This technology is currently being used as a sort of prototype builder. It can print deep layers. The principal is simple.

Take anything and I mean anything with as many different materials (metal, plastic, etc...) in it and slice it into 10 thousand layers. If you have print heads containing the different materials as essentially powder that can be laid down and heated as the next layer is applied even in "coats" in turn i.e. the metal print head does it's layer after the plastic head draws it's stuff up then you can print things out- food or otherwise. Food is a more complex concept, however as there is baking and perfection of taste involved.

The printers take forever but they can successfully "print" out anything.

Taking this technology to the next logical step is introducing "Food Printing".

M cookie

What's Printing Out For Dinner Hunny?

Well, the researchers at the Cornell Creative Machines Lab have been hard at work developing a 3D Food printer they call the Fab@Home.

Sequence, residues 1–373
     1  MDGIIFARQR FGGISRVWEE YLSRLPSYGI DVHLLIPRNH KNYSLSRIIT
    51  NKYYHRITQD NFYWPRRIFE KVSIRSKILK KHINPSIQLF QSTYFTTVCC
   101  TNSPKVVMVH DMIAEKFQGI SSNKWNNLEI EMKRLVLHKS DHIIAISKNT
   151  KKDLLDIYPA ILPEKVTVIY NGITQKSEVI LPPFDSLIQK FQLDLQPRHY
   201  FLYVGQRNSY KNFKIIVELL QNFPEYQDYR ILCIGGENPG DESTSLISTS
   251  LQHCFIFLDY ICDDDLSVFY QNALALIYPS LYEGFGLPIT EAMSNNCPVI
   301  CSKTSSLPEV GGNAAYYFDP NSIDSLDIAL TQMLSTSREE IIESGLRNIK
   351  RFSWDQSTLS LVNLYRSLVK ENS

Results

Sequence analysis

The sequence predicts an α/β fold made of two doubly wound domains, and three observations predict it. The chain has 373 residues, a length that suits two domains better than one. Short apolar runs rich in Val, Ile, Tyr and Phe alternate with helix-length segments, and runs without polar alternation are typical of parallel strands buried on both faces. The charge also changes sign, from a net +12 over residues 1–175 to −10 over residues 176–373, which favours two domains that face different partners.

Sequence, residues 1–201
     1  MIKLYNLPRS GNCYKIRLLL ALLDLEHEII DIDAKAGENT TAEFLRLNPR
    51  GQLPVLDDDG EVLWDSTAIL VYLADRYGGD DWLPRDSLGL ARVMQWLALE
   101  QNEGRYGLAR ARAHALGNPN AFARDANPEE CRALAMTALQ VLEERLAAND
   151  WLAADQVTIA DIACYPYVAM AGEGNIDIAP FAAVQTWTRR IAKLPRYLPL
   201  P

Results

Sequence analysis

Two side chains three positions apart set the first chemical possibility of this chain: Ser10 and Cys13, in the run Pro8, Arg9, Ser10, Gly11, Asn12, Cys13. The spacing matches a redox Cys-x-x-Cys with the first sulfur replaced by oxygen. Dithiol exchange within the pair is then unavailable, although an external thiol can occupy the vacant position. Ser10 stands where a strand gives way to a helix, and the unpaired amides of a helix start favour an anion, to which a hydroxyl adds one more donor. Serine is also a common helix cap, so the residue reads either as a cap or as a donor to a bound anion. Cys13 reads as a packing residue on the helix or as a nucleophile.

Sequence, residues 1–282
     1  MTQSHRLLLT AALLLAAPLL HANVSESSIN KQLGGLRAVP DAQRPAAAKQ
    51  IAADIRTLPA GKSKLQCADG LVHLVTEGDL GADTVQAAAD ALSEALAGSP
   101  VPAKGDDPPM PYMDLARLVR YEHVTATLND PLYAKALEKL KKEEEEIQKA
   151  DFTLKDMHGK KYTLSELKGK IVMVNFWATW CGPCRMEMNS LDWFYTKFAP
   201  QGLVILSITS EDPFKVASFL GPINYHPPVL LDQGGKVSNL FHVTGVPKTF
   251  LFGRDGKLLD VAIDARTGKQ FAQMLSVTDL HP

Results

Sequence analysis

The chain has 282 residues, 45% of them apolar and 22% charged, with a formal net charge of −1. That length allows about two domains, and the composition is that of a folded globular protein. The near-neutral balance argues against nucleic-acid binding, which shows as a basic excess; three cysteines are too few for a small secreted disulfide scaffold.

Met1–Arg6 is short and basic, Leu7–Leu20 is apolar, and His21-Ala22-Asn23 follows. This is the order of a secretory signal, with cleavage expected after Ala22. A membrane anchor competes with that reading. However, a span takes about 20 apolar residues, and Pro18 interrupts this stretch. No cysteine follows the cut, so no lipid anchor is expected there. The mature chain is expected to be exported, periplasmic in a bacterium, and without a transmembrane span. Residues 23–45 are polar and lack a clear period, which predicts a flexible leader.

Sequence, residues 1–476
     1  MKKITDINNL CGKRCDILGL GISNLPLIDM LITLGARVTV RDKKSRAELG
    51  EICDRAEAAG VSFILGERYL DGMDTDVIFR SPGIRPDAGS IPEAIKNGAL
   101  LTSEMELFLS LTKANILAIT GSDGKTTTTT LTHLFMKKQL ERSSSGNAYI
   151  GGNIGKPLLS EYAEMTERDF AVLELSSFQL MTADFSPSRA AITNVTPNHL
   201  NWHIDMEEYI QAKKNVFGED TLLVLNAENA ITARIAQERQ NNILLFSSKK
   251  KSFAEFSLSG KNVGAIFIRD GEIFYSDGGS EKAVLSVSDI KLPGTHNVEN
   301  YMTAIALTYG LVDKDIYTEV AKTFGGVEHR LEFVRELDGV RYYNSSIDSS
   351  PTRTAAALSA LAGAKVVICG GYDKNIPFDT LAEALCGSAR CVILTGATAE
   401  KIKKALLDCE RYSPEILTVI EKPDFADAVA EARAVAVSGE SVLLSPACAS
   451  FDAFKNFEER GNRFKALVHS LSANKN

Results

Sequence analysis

The way it works is the printer prints food in the form of "Inks" (not literally ink) that are used in the same manner as the 3D printers and what you end up with is digitally designed food that has an amazing assortment of uses. Many of the foods created use pastes created from icing or even tortilla dough. The creations currently still need to be deep fried to harden them but in the future they could come out fully cooked and shaped!

I'd be happy with a printer that can print ON food! This is already in mainstream use by the bakeries where they can scan in your image and the printer spray paints your image directly on the frosting with food coloring "inks". The food printer takes this to the 3D level by spraying and fusing layers of food until you have a 3D rendered product.